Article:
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May 11, 1928 - Image 5

Resource type:
Text
Publication:
The Michigan Daily, 1928-05-11

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1928.

THE MICHTGAN DAILY

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LIFE1MEMBERSHIP IS
OFFERED TO SNIORS
Add tion To Tuition Of Women Stu-l
dents Counts Toward Member-
ship I Leaguea
WILL INTERVIEW SENIORS
The attention of all senior woment
is called to the fact that if life mem-
bership pledges in the Women's1
league are paid for by the time of3
graduation they may be had for $40.E
The ruling which was made at the re- .
quest of. the undergraduate women to t
pay $10 on the tuition fee toward lifeF
membership was pas'sed by the Reg-
ents, so every woman student whG
entered this year has paid $10 on her
membership.
From now on, undergraduate wom-
en, if they remain in college for four
years, receive life membership in the
league when they are graduated. The
same opportunity 4is offered all
seniors, providing the $40 is paid by
commencement. This applies also toi
all members of the Nurses Training
school and to all University School,
of Music 'students of collegiate age.
Marie Hartwig, '29, is chairman of
a committee to interview all seniort
women who have not already signed1
for life membership. The Alumnit
council office is very desirous of re-1
ceiving .as many pledges as possible
according to Mrs. Wm. D. Henderson',
in order that no further campaign will
be necessary when the seniors leave
college. If the pledges already made
are not paid before graduation, they
will be $50.
Provide Lunches For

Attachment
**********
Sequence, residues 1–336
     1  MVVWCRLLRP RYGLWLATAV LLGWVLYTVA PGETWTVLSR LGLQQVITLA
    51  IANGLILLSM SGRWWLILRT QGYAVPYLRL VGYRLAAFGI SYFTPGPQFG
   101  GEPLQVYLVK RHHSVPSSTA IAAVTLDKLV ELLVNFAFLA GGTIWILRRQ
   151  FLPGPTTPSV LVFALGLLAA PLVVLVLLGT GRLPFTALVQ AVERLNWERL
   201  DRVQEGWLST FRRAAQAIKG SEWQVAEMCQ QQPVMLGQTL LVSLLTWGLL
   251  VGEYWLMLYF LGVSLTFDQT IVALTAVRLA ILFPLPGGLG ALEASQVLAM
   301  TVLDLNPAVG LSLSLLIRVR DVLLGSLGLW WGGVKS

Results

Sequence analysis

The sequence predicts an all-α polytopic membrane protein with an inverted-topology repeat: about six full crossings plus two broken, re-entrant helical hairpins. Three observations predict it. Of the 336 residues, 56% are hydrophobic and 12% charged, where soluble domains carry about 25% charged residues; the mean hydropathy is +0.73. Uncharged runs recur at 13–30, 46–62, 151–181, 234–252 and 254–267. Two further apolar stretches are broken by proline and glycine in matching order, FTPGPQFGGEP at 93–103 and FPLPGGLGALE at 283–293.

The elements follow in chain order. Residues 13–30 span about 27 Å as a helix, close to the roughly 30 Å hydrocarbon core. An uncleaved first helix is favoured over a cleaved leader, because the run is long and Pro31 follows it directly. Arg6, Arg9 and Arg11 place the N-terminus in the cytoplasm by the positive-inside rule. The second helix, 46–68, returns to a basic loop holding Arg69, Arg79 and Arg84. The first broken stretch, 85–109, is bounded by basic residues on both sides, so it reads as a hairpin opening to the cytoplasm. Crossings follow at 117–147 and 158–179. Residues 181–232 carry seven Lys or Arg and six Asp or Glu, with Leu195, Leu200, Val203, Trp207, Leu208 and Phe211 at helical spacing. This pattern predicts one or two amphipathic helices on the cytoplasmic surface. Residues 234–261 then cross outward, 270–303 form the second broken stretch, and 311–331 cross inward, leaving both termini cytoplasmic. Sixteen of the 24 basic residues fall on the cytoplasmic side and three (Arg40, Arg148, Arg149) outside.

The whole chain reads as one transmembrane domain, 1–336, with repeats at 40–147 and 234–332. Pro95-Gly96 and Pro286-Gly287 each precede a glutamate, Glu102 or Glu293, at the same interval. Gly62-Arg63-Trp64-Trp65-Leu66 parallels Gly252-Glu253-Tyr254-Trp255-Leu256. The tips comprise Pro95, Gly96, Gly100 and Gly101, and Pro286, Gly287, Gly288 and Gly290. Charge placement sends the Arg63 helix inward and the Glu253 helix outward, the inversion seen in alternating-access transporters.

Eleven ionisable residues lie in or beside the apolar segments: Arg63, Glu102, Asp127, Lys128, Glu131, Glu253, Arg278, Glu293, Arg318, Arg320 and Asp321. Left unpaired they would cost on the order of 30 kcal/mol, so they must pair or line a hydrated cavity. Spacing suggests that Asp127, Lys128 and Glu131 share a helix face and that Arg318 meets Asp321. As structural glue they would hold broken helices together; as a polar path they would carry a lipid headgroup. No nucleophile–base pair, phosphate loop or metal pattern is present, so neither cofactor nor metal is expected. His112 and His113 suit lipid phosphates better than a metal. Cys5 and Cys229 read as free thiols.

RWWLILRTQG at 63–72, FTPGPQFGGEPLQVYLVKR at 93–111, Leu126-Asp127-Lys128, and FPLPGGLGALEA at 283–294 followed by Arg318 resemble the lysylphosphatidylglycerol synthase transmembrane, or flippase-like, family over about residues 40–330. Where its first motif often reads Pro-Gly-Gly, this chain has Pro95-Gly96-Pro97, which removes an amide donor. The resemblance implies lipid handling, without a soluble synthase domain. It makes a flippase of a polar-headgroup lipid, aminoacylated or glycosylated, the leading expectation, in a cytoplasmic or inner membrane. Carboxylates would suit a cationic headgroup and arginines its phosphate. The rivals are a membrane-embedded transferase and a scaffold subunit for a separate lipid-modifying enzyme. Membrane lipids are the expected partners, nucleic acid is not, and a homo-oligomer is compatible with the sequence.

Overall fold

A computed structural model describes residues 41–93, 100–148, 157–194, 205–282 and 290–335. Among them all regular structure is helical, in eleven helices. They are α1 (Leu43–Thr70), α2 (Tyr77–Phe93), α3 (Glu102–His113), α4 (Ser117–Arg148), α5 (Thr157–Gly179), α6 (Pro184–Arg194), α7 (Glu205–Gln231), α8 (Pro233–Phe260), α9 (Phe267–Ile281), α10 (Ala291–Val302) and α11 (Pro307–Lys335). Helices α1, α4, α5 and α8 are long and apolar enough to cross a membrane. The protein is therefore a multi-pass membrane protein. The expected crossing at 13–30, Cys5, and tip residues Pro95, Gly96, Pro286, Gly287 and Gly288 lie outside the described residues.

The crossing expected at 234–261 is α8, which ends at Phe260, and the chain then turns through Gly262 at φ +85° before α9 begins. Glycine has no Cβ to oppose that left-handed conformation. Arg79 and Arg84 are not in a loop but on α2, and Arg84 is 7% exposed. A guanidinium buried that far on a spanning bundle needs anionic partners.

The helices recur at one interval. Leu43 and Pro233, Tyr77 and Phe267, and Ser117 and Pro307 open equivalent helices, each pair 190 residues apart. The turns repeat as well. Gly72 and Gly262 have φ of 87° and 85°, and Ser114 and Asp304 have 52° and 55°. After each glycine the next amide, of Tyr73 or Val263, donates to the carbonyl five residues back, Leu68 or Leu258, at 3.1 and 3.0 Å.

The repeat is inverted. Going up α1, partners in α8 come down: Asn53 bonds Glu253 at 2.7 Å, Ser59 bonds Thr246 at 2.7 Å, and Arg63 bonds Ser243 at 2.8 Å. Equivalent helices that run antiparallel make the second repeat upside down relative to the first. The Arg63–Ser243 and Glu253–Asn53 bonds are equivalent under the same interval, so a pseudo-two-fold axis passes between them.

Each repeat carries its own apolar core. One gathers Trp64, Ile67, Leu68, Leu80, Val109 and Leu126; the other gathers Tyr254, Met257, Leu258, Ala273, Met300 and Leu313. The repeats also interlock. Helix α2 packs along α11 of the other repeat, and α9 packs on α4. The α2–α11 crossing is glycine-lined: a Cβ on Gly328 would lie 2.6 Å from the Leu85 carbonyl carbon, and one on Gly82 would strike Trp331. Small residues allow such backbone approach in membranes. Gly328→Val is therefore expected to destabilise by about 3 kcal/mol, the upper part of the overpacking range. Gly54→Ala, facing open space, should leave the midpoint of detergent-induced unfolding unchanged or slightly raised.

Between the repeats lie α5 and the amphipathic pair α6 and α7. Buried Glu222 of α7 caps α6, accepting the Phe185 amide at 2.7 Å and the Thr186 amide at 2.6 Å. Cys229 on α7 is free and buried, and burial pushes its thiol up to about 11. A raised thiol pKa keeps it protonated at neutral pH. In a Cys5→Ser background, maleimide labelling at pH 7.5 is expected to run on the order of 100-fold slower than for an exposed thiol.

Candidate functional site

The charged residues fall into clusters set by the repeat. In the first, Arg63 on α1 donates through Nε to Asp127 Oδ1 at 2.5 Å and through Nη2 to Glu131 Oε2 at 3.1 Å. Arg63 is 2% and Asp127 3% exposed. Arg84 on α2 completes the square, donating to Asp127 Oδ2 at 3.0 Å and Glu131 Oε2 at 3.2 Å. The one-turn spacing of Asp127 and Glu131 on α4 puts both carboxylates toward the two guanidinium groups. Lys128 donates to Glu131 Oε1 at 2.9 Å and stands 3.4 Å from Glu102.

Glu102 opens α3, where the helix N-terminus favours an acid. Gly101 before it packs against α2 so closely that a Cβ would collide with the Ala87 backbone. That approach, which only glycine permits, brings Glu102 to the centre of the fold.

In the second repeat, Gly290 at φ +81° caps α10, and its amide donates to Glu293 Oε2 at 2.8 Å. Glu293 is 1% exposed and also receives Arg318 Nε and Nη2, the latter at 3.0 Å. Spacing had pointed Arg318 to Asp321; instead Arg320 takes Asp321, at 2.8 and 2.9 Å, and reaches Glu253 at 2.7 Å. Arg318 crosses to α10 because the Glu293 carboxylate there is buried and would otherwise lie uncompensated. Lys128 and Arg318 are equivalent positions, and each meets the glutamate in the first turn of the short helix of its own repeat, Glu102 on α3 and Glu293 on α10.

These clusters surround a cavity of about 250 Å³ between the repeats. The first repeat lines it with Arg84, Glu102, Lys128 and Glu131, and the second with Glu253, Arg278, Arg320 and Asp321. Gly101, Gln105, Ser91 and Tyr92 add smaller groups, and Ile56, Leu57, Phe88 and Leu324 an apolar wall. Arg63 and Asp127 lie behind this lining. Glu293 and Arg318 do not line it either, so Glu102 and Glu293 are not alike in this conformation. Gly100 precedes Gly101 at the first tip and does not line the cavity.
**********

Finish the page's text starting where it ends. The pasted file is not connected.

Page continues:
Lantern Night Picnic
To Be Held Tuesday
For those who do not live in organ-
ized houses yet who wish to put up
box-lunches for the Lantern Night
picnic next Tuesday night, a commit-
tee is preparing 'some for sale. They
will contain, among other things, po-
tato salad, several kinds of sandwich-t
es, fruit, and cake, the entire box to be
priced at 50 cents. Coffee'will also,
be served with them at Palmer field.
These will have to be ordered be-
fore Monday noon by signing on bul-
letins posted for the purpose at the
candy booth, Barbour gymnasium, and
the athletic building, or by telephon-
ing Bernice Shook, dial 21616, chair-
man of the committee. They are to be
obtained on Tuesday night from tables
set up near the old field house on
Palmer field.
Seniors Overwhelm
Sophomore Baseball
Team By_14-3 Score
In the interclass base ball game,
which was played yesterday at 4
o'clock, between the seniors and
sophomores, the senior team gained
the overwhelming victory of 14-3.
Errors were made by both teams,
but the senior batting, and general
co-operation was better, than that of
the sophomores. The pitchers on both
teams were efficient but the work of
the senior battery, Robinson, pitcher,
and Child, catcher, both speedy and
sure.
The game was played outside in
spite of the uncompromising weather,
and both team's wero considerhly
handicapped in this respect.
NOTICES
There will be a meeting of the
Board of Representatives at 9 o'clock
tomorrow morning in room 102 Li-

All women wishing to enter the{
bowling tournament should sign up
on the bulletin board by noon today,
or if it is impossible to do this, call
Louise Cody, '30, at 6517, as quicklyj
's possible so that plans for the
tournament can be completed.
Busses will run to the golf course
Monday, Tuesday, Wednesday, and
Thursday, and very likely on Friday.
and Saturday. They will leave in
front of Barbour gymnasium at 2:10,
3:10, and 4:10 o'clock. They will re-
turn from the course at 3, 4, and 5:45
o'clock. Anyone may use the busses.
Several college's already have or-
ganized amateur motion picture com-
panies. There are active groups at
the University of California and at